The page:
FIG. 4 shows a characteristic curve obtained by plotting the results given in Table 1. The resistance values of the resistors R1 to R3 and R5 used were 0.389 KΩ, 10.04 KΩ, 10.04 KΩ and 49.47 KΩ respectively, and the voltage of the power source E1 was 9.88 V. A current that flowed in the heat sensitive element RS1 and the temperature compensating element RC1 was 14.98 mA at an ambient temperature of 10° C., and the temperature of the heat sensitive element RS1 and the temperature compensating element RC1 was approximately 200° C.

It is FIG. 3 that is a graphical representation of the relationships between the bridge unbalanced output voltage across the result R5 and the open air temperature which were measured using relative humidity as a parameter, with constants of the respective parts of the measuring circuits set as described above and the heat sensitive element RS1 and the temperature compensating element RC1 put in their self-heat condition. Table 2 shows some of the measured data.

              TABLE 2______________________________________Temperature(C.°)      Relative humidity (%)                     Output voltage (mA)______________________________________10.0       80             1.26      60             0.94      40             0.63      20             0.3120.0       80             2.32      60             1.74      40             1.16      20             0.5830.0       80             3.90      60             2.29      40             1.95      20             0.9740.0       80             6.50      60             4.88      40             3.25      20             1.63______________________________________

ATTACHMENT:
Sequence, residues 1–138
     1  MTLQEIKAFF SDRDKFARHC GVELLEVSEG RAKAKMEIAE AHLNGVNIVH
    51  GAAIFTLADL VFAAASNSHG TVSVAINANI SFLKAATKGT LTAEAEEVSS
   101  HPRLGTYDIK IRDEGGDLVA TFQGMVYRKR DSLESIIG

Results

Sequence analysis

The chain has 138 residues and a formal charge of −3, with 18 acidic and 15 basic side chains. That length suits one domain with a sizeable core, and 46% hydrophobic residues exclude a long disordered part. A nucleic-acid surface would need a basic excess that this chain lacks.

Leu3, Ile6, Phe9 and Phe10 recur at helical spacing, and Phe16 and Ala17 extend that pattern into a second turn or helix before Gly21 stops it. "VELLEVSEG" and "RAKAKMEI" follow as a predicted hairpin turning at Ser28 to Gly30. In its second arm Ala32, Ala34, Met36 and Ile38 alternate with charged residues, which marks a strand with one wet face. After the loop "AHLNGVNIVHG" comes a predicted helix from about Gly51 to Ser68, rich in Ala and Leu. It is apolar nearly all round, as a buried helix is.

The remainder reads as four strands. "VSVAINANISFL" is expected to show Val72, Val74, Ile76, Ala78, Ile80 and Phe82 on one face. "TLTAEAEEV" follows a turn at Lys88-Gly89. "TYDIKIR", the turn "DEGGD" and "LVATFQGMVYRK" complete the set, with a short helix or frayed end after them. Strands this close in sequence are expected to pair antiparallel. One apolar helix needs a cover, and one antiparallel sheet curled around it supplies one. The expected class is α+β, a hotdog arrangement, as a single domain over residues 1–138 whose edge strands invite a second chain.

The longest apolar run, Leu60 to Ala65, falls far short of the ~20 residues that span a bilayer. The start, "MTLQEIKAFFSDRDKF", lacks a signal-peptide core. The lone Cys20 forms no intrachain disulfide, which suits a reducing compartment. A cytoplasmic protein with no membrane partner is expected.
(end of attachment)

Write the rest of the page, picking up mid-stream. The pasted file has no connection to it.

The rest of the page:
As shown in FIG. 3, the bridge unbalanced output voltage varies with the humidity and temperature variations of the open air. Accordingly, by measuring the bridge unbalanced output voltage and the open air temperature at the time of humidity measurement, humidity can be obtained using such characteristic curves as shown in FIG. 3.

[2] In the case where there were employed in a circuit of FIG. 5, as a heat sensitive element RS2 and a temperature compensating element RC2, platinum having such a current-voltage characteristic (at an ambient temperature of 250° C.) shown in Table 3: